Behavioural responses by marine fishes and macroinvertebrates to underwater noise

Roberts, Louise

Biological sciences
January 2015

Thesis or dissertation

© 2015 Louise Roberts. All rights reserved. No part of this publication may be reproduced without the written permission of the copyright holder.

The aim of this thesis was to explore and evaluate the key behavioural responses of coastal UK marine fishes and macroinvertebrates to anthropogenic noise. Work focussed upon two key aspects, water-borne acoustics and the relatively unstudied substrate-borne vibration, with a combination of laboratory and field work using grouped and solitary individuals. A literature review on underwater vibroacoustics, detection abilities, anthropogenic noise sources and the effects of such stimuli was provided (Chapter 1).

Playbacks were undertaken in the field using a purpose-built underwater transducer array capable of accurately reproducing man-made signatures (Chapter 2 – 3). The behavioural responses of wild, unrestrained schooling pelagic fish to impulsive sound were observed using an acoustic observation system. Precise exposure levels were linked to specific responses, with dose response curves produced for two pelagic species of varied hearing abilities. Baited remote underwater video (BRUV) was used to observe the behavioural responses of free-ranging individual fish and crustaceans exposed to impulsive sound and shipping noise. In both cases responses varied according to the level of sound, the type of school and the species.

In the laboratory, animals were exposed to sinusoidal vibratory signals using a fully calibrated electromagnetic shaker system. The sensitivity of unconditioned invertebrates (crustaceans and molluscs) to substrate-borne vibration was quantified with controlled vibratory exposures, allowing the production of a sensory threshold curve for three species (Chapters 4 - 5). Response variation was described in terms of two behavioural indicators, and related to consistency within individuals (personality), morphological parameters and time in the laboratory prior to tests. Further work investigated the response of sessile invertebrates to vibration, with the observations fully described in terms of response occurrence, duration and variation for both grouped and solitary animals.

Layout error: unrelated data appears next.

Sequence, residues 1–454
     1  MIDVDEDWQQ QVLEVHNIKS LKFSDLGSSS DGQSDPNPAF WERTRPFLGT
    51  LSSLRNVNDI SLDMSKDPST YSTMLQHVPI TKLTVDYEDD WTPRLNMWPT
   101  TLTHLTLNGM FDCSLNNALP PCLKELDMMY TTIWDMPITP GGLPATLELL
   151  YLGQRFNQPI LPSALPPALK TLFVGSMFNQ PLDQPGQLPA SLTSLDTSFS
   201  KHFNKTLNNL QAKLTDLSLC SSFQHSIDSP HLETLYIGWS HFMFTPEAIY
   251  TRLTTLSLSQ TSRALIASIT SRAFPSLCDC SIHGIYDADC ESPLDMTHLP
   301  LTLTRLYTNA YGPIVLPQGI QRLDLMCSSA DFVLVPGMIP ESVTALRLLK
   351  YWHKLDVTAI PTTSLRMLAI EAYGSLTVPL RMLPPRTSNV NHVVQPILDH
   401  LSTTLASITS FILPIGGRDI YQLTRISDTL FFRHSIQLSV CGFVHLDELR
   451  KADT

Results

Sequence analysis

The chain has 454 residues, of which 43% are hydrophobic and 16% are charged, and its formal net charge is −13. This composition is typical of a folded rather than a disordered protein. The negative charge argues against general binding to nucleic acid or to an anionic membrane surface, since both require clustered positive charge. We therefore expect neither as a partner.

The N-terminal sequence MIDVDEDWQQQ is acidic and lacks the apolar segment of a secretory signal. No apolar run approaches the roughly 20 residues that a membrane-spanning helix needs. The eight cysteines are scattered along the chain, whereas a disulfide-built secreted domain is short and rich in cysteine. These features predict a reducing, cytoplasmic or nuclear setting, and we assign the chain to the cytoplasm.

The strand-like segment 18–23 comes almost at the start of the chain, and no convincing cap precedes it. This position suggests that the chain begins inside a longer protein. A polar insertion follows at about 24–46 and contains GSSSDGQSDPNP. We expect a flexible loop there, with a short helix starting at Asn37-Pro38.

The responses described in each chapter were related to actual measurements of anthropogenic noise sources in terms of water-borne and substrate-borne energy, allowing behavioural responses to be translated to actual conditions. The data here provide evidence for the levels of playback sound to induce a behavioural response, and are fully reproducible to allow further testing of the responsiveness of fish to different sound levels and signatures. Furthermore, the data are a first step towards understanding the sensitivity of benthic invertebrates to substrate-borne vibration and indicate that the effects of substrate transmission should not be overlooked when investigating the effects of noise pollution on the marine environment. The results from the current work, along with the recommendations for future work, will be important to aid the filling of the ‘information gaps’ that exist within the underwater bioacoustics field.

Department of Biological Sciences, The University of Hull
Sponsor (Organisation)
Great Britain. Department for Environment, Food & Rural Affairs
Qualification level
Qualification name
11 MB
QR Code